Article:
Sunday, August 31, 2014

A story by Pam Belluck in the New York Times left me with mixed feelings.  Here's an excerpt:

Five years after it exploded into a political conflagration over “death panels,” the issue of paying doctors to talk to patients about end-of-life care is making a comeback, and such sessions may be covered for the 50 million Americans on Medicare as early as next year.

Bypassing the political process, private insurers have begun reimbursing doctors for these “advance care planning” conversations as interest in them rises along with the number of aging Americans. Some states, including Colorado and Oregon, recently began covering the sessions for Medicaid patients.

Who can doubt that such conversations are useful, helpful, humane, and more? But do we really need to pay doctors for them? And if so, how should such payments be structured?  The story goes on:

But the impact would depend on how much doctors were paid, the allowed frequency of conversations, whether psychologists or other nonphysicians could conduct them, and whether the conversations must be in person or could include phone calls with long-distance family members. Paying for only one session and completion of advance directives would have limited value, experts said.

“This notion that somehow a single conversation and the completion of a document is really an important intervention to the outcome of care is, I think, a legal illusion,” said Dr. Diane E. Meier, director of the Center to Advance Palliative Care. “It has to be a series of recurring conversations over years.”

Let's think this through. First, is such a payment--or set of payments--consistent with what many argue is the overall direction of health care payments, i.e., a capitated or global payment environment, or bundled payments for acute or long-term diseases?  By definition, no. Why are we thinking about adding a new fee-for-service billing code if the trend is away from that?

Second, is it all really necessary anyway?  I look at the experience of Gundersen-Lutheran Hospital in Wisconsin, which put in place a series of end-of-life discussion with their patients.  As I noted in this blog post over two years ago [emphasis added]:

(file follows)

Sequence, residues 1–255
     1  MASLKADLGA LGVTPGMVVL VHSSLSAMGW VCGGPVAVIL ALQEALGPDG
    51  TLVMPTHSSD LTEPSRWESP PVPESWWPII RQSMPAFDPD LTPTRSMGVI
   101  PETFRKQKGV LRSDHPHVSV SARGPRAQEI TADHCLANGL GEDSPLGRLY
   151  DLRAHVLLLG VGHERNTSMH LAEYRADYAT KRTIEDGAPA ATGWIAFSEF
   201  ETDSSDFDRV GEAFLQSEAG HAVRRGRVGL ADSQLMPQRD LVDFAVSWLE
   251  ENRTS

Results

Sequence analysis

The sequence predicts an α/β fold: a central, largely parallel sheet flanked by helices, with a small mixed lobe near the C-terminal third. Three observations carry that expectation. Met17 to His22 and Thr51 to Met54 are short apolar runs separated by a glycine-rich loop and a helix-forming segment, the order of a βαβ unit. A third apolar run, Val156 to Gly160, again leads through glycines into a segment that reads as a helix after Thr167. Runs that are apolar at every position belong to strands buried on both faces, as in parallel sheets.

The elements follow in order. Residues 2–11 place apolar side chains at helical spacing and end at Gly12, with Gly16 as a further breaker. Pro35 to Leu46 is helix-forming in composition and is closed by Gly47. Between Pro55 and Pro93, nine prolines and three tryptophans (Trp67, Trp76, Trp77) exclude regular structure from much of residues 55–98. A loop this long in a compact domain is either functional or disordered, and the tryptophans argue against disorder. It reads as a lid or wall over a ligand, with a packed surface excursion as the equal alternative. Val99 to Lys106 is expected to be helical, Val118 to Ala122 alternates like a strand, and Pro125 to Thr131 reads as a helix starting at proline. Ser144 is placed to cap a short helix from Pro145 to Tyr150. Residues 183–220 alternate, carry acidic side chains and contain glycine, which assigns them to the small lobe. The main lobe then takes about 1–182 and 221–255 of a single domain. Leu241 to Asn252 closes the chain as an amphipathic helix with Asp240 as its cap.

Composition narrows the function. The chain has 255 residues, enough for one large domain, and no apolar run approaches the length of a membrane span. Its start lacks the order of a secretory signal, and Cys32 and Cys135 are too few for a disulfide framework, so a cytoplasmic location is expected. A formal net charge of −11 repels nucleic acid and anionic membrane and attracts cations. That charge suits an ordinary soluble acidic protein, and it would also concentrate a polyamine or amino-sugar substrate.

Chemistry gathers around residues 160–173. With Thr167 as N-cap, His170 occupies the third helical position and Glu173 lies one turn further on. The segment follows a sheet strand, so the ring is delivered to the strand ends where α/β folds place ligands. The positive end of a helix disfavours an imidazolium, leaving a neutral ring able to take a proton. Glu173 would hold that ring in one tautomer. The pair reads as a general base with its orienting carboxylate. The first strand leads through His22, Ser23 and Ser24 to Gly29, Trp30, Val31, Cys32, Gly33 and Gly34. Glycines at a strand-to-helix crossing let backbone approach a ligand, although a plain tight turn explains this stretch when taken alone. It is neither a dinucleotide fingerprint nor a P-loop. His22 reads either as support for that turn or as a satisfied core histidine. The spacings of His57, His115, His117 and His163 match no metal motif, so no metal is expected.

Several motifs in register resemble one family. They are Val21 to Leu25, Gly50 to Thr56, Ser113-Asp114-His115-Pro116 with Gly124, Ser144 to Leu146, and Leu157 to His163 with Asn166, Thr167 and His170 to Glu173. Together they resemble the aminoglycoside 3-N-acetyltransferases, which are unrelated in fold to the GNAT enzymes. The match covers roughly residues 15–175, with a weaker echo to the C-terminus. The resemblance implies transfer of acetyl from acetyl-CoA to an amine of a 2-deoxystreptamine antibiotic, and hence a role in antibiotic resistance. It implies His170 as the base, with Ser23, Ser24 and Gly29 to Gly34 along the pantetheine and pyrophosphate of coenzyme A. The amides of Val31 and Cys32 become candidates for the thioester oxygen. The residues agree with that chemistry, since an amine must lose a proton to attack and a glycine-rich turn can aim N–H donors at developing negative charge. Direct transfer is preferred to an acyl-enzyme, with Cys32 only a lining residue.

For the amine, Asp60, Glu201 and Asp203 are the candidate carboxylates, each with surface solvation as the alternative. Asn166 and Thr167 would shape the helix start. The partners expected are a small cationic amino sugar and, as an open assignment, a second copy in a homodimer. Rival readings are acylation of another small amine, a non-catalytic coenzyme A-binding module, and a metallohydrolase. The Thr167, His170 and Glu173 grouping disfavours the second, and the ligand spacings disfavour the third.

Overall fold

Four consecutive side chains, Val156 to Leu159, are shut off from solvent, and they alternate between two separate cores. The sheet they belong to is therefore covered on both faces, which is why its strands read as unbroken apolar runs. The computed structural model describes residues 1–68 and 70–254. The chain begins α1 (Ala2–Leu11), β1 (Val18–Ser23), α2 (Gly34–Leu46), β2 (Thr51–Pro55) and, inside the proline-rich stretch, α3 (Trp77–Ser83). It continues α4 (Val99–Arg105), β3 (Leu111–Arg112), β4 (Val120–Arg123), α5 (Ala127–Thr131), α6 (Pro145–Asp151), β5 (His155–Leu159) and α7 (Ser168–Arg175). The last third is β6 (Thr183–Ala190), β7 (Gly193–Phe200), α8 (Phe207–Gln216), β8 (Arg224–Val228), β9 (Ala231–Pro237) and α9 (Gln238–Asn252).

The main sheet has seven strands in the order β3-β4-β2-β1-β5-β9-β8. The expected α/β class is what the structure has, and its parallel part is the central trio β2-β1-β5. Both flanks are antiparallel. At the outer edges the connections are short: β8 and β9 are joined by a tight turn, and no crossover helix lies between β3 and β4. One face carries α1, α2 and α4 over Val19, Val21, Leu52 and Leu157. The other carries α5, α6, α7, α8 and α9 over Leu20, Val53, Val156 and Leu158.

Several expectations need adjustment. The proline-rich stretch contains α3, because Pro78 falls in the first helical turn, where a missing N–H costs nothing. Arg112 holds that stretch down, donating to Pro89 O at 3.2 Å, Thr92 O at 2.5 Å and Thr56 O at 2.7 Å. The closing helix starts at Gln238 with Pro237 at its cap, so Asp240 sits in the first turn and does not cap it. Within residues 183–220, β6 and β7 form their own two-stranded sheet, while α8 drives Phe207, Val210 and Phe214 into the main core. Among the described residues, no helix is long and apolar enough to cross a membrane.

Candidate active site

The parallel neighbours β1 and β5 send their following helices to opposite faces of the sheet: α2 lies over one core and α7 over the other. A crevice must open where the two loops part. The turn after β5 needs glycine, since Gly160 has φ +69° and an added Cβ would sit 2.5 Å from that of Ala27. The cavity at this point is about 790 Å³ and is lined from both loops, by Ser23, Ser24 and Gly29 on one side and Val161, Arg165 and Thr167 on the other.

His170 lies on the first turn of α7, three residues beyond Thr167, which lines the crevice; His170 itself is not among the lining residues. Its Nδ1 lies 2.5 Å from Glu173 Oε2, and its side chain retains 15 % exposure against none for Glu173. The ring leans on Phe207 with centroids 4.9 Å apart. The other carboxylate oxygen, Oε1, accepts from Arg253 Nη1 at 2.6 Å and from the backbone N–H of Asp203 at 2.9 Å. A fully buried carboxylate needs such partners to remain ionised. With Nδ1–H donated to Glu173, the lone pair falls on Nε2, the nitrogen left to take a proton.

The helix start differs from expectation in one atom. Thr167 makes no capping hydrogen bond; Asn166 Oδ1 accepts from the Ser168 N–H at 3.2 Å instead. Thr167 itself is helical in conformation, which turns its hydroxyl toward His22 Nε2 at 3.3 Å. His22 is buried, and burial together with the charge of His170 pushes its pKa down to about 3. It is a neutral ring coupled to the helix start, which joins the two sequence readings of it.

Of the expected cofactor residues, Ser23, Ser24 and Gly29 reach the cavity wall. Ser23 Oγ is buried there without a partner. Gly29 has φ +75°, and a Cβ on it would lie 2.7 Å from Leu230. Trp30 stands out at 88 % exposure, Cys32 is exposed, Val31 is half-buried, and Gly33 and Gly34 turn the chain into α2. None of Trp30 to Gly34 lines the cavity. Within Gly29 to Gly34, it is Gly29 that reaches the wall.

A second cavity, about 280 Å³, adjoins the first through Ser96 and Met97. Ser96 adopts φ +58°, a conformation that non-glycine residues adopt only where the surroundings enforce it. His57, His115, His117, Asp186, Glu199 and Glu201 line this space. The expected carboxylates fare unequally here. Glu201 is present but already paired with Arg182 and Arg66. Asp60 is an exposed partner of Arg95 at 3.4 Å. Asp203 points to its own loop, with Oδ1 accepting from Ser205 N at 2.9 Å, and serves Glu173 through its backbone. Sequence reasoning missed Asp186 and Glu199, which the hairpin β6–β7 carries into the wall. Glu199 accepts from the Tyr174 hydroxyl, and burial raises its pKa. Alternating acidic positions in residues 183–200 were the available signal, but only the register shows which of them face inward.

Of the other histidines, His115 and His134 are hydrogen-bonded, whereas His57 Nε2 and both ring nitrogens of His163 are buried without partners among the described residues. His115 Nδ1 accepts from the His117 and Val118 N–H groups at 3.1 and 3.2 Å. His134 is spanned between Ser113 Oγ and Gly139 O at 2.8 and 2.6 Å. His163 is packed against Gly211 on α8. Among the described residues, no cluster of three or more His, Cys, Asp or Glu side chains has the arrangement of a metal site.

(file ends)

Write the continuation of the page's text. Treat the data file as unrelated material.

Here’s the real lesson.  If we view things in this manner, any place in the world can do it.  It does not depend on new government policy.  It does not depend on a change in payment methodology.  It does not depend on accreditation rules and regulations.  The power to make these kind of change resides in the people who have been given the privilege and responsibility of running our health care institutions.

In short, the necessary condition for this kind of approach to be adopted is the support of executive and governance leaders.  That leadership often is based on a remarkably simple set of values, tied to a clear sense of institutional purpose.

As noted by Gundersen Lutheran CEO Jeff Thompson:

Why we pressed down this path has everything to do with the well-being of patients, families, and the health professionals who care for them. It is to preemptively answer the question, “What would your parent, your spouse, your loved one want in this situation?”  The purpose is to avoid anyone needing to say, “We wish we knew.”

As stated in the book, Having Your Own Say:

This breakthrough is not a new drug or test or treatment; it is a new way to organize our care of patients with advance illness so that they can live as well as possible for as long as possible in the way of their own choosing.  The “miracle” is that this new care depends more on human interaction and coordination than on technology and science.  The wonder is that it costs less to deliver but is actually better.


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